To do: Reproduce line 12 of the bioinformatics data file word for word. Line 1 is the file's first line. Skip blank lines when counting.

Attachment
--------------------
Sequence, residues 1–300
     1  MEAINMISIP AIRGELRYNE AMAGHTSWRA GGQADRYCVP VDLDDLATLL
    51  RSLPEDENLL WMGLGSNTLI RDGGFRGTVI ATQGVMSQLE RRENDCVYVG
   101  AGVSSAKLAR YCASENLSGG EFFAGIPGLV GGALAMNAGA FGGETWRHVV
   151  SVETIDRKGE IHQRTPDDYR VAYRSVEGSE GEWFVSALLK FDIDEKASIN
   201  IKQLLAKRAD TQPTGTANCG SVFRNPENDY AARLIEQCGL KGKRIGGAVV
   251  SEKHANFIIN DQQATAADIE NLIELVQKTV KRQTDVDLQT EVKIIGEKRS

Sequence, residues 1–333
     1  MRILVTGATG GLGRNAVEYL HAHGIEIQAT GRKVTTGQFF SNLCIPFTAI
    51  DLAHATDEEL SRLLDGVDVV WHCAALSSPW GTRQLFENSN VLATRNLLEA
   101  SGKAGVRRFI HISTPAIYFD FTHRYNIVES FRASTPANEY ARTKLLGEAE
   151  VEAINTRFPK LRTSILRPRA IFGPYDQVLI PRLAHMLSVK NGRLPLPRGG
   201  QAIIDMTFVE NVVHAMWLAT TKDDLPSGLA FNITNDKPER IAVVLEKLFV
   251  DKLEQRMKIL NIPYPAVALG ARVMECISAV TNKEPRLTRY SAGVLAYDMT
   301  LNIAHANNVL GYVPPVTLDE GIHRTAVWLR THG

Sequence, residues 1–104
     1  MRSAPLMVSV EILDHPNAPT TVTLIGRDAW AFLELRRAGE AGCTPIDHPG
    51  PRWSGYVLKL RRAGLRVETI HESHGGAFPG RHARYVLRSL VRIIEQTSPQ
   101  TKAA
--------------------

   151  VEAINTRFPK LRTSILRPRA IFGPYDQVLI PRLAHMLSVK NGRLPLPRGG